John S. (John Sergeant) Wise.

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threatened movement by charging. Cautioning his men
to reserve their fire, he ordered them forward. Those
who saw this assault pronounce it to have been, in many
respects, the most remarkable which they ever witnessed.
At the command " Forward ! " the men sprang to their
feet ; advanced at a run in perfect alignment ; absolutely
refrained from firing until within a few feet of the
enemy ; then, with their guns almost upon the bodies of
their foes, delivered a deadly fire, and, rushing upon
them with bayonets and clubbed muskets, drove them
pell-mell back into the intrenchments which they had
just left.

General Lee, when advised of this brilliant assault,
remarked, "That must have been Mahone s old bri
gade." When news came confirming it, he again said,
" I thought so."

My heart beat high when all the army rang with
the praises of " Mahone s old brigade." Part of them
were " our boys " from Norfolk, many of them little
older than myself; companions, playmates, friends. At
the outbreak of the war, they called them " tender-feet "
and " dandies." Their uniforms were very smart, and
their feet were very tender. From one of their earlier
marches they came back limping, with their feet bleeding
and their shoes upon their bayonets ; the boys named
them in derision the " Bloody Sixth." But their hearts


were true, and soon their feet grew tough enough. They
were the sons of the best of the old Tidewater Virginians
of English descent, and, by the time second Manassas
and Crampton s Gap were fought, the " Bloody Sixth,"
of " Mahone s old brigade," had earned its title by blood
from the heart as well as from the feet. To-day it
crowned its record, for old F Company of Norfolk, now
known as K Company, Sixth Virginia Regiment, a com
pany modeled in happier days after the aristocratic com
pany of the New York Seventh, took sixteen men into
action and lost every man but one, eight killed outright
and seven wounded.

In the position gained by Mahone s old brigade, nothing
intervened between them and the enemy but the pile
of breastworks, they on the outside, the enemy within
the crater and gorge line. The fighting by which they
established themselves was desperate and hand-to-hand.

Superb Haskell once more came to their rescue : he
moved up his little Eprouvette mortars almost to our
lines, and, cutting down his charge of powder to an
ounce and a half, so that his shell scarcely mounted fifty
feet, threw a continuous hail of small shell into the pit,
over the heads of our men. Our fellows seized the
muskets abandoned by the retreating enemy, and threw
them like pitchforks into the huddled troops over the
ramparts. Screams, groans, and explosions throwing up
human limbs made it a scene of awful carnage. Yet the
artillery of the enemy searched every spot, and they still
had a formidable force of fighting men.

The Georgia brigade, charging a little after Weisi-
ger s, was decimated and repulsed. Our own brigade,
which was engaged from first to last and never yielded a
foot of ground, lost heavily, and Mahone s brigade, the
" immortals " of that day, was almost annihilated. About



one o clock, the Alabama brigade of Mahone s division,
under Saunders, arrived upon the scene, formed and
charged, and the white flag went up from the crater.
Out of it into our lines filed as prisoners eleven hundred
and one Union troops, including two brigade command
ers, and we captured twenty-one standards and several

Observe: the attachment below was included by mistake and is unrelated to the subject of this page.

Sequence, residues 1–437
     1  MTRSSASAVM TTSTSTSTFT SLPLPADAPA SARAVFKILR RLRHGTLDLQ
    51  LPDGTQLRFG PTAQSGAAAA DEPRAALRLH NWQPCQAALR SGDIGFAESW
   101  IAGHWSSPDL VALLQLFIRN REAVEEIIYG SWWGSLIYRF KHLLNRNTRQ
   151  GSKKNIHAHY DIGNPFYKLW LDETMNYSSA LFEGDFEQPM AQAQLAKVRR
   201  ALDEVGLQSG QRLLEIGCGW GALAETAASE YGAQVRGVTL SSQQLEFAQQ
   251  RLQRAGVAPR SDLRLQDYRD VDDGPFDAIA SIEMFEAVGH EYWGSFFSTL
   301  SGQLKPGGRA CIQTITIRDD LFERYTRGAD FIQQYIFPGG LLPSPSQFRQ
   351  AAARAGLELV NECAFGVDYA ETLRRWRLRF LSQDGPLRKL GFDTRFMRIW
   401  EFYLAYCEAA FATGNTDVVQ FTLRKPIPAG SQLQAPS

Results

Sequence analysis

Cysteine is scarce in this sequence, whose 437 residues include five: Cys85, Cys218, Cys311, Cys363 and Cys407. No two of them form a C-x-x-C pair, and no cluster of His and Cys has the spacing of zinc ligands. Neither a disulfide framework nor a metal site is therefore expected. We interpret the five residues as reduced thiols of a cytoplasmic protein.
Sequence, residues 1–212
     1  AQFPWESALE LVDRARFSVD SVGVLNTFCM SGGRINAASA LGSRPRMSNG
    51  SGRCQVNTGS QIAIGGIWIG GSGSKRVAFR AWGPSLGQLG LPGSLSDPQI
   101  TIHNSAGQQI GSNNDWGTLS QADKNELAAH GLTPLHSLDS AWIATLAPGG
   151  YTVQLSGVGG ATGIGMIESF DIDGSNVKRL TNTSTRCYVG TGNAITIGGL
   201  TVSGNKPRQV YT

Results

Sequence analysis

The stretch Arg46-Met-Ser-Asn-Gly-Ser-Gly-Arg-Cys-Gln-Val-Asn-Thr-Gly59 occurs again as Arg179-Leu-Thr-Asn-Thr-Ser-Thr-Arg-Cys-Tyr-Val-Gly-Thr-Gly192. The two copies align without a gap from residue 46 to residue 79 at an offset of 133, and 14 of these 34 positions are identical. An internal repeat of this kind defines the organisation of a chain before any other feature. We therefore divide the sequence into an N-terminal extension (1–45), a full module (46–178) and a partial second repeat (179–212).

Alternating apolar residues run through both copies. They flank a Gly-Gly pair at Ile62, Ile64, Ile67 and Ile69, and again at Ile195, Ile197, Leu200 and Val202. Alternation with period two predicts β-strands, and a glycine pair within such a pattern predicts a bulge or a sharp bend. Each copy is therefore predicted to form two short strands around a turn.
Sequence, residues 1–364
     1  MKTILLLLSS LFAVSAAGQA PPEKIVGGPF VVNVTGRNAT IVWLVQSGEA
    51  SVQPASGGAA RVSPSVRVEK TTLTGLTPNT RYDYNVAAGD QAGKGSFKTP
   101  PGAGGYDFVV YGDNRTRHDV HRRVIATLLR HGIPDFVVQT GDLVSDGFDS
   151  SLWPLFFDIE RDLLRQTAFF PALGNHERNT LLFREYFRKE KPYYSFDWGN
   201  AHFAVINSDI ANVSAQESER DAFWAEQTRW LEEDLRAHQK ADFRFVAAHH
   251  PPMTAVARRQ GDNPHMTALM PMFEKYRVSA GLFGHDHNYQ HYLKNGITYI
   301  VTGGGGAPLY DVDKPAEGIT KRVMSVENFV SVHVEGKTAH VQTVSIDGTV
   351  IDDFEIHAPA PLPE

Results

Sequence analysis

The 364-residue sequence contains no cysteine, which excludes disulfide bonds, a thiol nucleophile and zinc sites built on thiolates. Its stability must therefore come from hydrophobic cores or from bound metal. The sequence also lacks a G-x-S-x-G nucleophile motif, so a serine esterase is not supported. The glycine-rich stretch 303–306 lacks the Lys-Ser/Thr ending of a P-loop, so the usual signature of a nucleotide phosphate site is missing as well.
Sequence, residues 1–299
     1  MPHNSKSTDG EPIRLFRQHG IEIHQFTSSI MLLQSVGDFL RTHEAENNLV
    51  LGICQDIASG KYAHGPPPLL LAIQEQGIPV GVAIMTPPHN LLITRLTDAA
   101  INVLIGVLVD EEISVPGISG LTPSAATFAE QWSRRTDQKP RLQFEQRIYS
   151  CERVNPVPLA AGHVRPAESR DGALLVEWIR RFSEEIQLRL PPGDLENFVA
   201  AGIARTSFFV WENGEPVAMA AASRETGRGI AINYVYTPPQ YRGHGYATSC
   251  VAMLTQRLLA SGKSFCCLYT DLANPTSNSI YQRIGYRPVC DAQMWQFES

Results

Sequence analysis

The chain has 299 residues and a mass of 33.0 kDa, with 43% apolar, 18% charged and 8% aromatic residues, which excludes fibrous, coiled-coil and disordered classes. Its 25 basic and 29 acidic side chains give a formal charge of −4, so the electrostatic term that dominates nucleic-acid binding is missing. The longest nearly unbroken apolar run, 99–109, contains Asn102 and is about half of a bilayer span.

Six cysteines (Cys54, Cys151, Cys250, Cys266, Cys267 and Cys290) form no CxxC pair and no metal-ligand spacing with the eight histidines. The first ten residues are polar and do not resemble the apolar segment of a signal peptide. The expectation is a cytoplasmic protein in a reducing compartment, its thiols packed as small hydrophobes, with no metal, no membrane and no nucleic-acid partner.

thousand of small arms. Over a thousand of the en
emy s dead were in and about the breach, and his losses
exceeded five thousand effective troops, while our lines
were reestablished just where they were when the battle

The crater fight was not only one of the bloodiest, but
one of the most brutal of the war. It was the first time
Lee s army had encountered negroes, and their presence
excited in the troops indignant malice such as had char
acterized no former conflict. To the credit of the blacks
be it said that they advanced in better order and pushed
forward farther than the whites, on that day so unfortu
nate for the Union cause ; but when our men, in frenzy,
rushed upon and drove the cold steel into them, they did
not show the stubborn power of endurance for which the
Anglo-Saxon is preeminent, nor do I believe they ever
will on any field. On the other hand, our men, inflamed
to relentless vengeance by their presence, disregarded the
rules of warfare which restrained them in battle with
their own race, and brained and butchered the blacks
until the slaughter was sickening.

At the first report of the battle, my father promptly
repaired to the lines. His interest in and affection for
his brigade was like that of a father for his children ;
although not in actual command, the duties of his tem
porary position were such that he might with propriety
go forth and reassure his own troops by his presence.
Moving out rapidly to the opening of the covered way


leading to our brigade, we left our horses and hurried for
ward to the lines. We came upon the outer works about
midway of the brigade, and found the troops manning
them at intervals of fully ten feet apart, for the brigade
was massed upon the left in the traverses and covered
ways, firing steadily and rapidly upon the crater. A tre
mendous artillery fire from both sides raked the vicinity
of the crater, and the danger to our troops from several
of our light batteries to the north was almost as great
as that from the Union guns. Every shot which missed
the crater came bounding down our lines. Exchanging a
few words with the fearless Goode, who had his troops
well in hand, my father at once proceeded to report the
condition of affairs to General Lee, whom we had seen as
we entered the works, and to order up reinforcements
from the teamsters and cooks at our wagon camp.

One of the first wounded men we saw was my cousin,
" Old Suggs," whose eternal talk about the " Adventures
of Simon Suggs " had named the family at the Virginia